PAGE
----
Frustration to Elation with The Old Man

I would like to start off by thanking John, Ben and Will for accepting the crazy lady from the beach.

Ever since I can remember The Old Man of Hoy has been on my tick list. It’s one of those routes that is so steeped in history and fame that just having the chance to climb it would satisfy me (Chris Bonnington climbed it in 1967 as part of live televised showing for the BBC). Standing at 137m tall it is not a ‘true’ sea stack, it is still connected to the land via a loose, bouldery causeway of rock. The Old Man is made from beautifully red Old Sandstone, 400 million years worth of sediment piled on top of each other and carved by the elements into what we see today. Although the stack as it is today has only been like it for 250 years. Here’s a drawing of what it looked like in 1817.


The Old Man in 1817.

When I was offered 3 weeks work on Hoy I jumped at the chance to go exploring on the remote Orkney Islands, and to finally have a brilliant excuse to climb The Old Man of Hoy. My plan to climb East Face Route /Original Route (E1 5b) did not evolve so easily though.

After being let down in week 1 by my colleagues wavering confidence, I found a new psyched partner but then again in week 2 my new plan was foiled by the first 3 days of bad weather in a fortnight. I had given up hope that in my 3 weeks I would ever get to set foot on the Old Man. I decided that soloing the first easy pitch and abseiling off was my best way to achieve some kind of success.

Luckily on day 17 of 20 I spied some climbers coming off the ferry at Moaness, while saying goodbye to my group on Friday evening. With an even greater stroke of luck saw them eating dinner on Rackwick beach after a walk to lock up some centre canoes. This was my chance for ticking a route that had been on my list of ‘must do’s’ for a decade. Stepping way out of comfort zone I approached the 3 chaps who were chowing down on steak baguette and asked to join them on their Old Man mission the next day.

Saturday morning came around at 10am I met with John, Ben and Will and stomped over the hill to the Old Man. We climbed as a 4 with 3 ropes, a massive rack and an extra rope was carried in case we wanted to split into pairs later on. After a quick rack up and snack John lead off on the first pitch. The first pitch was an easy amble up jugs and ledges to a wonderful alcove easily big enough for 4, nowhere near as hard as the 4b grade suggests. Pitch 2 holds the 5b crux of the entire route. After making a sandy and exposed down climb and traverse you have to climb up past roof number 1, no real problems there. The 2nd roof however proved somewhat more challenging for me. After ignoring advice to bridge across near the outside I took the more comforting option and crawled as deep into the chimney as possible, which then led to much swearing and contortion as I wriggled back out and over the second overhang. Pitch 3 is fondly known as ‘the fulmar pitch’ and although one vicious fulmar was encountered I managed to escape with just dry heaves, the chaps before me go a soaking in oily fish puke. At pitch 4 we split into the teams, I lead up after John…this was the real fulmar pitch. After deciding to climb off route to miss a particularly nasty bird I carried on leading up on fairly shite gear for 4b. I pulled over the next ledge to only duck straight back down again, 3 fulmars angered by our previous 2 climbers were sat on the ledge at head height. After planning my moves and speeding past them I managed to escape again, the chaps…not so much. Ben managed to get a wet willy from a fulmar, with vomit in his ear and hood he pulled into the final belay. Pitch 5 is a glorious fulmar free corner leading to the top!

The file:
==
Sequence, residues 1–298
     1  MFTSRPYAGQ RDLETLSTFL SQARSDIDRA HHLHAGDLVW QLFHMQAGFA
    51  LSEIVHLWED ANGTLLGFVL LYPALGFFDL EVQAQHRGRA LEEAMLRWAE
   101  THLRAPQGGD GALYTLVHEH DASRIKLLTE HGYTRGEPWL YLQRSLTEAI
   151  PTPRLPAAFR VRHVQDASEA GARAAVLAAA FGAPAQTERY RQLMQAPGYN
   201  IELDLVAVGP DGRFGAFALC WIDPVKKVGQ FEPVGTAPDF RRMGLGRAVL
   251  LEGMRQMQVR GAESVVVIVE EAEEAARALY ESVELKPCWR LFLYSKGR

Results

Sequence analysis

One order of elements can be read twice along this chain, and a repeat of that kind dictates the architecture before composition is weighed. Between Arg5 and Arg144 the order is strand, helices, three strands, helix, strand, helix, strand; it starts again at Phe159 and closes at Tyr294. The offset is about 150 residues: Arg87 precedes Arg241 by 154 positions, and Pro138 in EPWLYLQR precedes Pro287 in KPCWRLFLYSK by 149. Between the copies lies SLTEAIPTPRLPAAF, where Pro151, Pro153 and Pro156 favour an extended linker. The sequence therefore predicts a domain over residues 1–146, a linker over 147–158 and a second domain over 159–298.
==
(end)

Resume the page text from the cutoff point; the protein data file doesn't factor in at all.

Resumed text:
After spending nearly an hour basking in the sunshine on the summit we made the 3 abseils back to the floor. The first is simple, but long. The second is short and gets you to the top of the crux pitch and the 3rd is a fully free hanging wonder as you’re spun around on the rope by the wind.

A few hints and tips if you’re thinking of climbing it:

  • Wear clothes you don’t mind getting soaked in stinky fulmar vomit. I was careful, but 75% of our party got a soaking.
  • Take a camera, you’re going to want memento’s of being on the top, it’s pretty awesome up there. Also take loads of layers. The route is in the shade and with the wind that is synonymous with Hoy it can get mighty chilly, even on a sunny summers day I was wearing 4 or 5 layers!
  • Bring really big gear…up to size 5 Camalots and the biggest Hexes you can get your hands on. They’ll come in handy on the crux, even if it is just to swing at the fulmars when they vom in your ear.
  • You can climb and abseil off it easily on 2 X 60m ropes, without having to faff about leaving a trailing rope on the traversing Pitch 2, but it will be 3 abseils if you’re sensible. Abseil 1 is from the summit to either the mid-point or the start of Pitch 3. Abseil 2 is from whichever point you stopped at to the end of Picth 2 (above the crux). The 3rd abseil is free hanging all the way back down to the boulder beach, which leaves a short scramble back up to the base of the route.

Photo : Ben Wolstenholme

The Old Man lived up to its reputation, it’s a fantastic route even with the sand and fulmar vomit, in fact it only adds to the route. Having gone from anger and frustration at being let down twice and realising that I wasn’t going to get to try climbing the Old Man, I was elated to make it to the top. All thanks to going out of my comfort zone and the kindness of 3 strangers.


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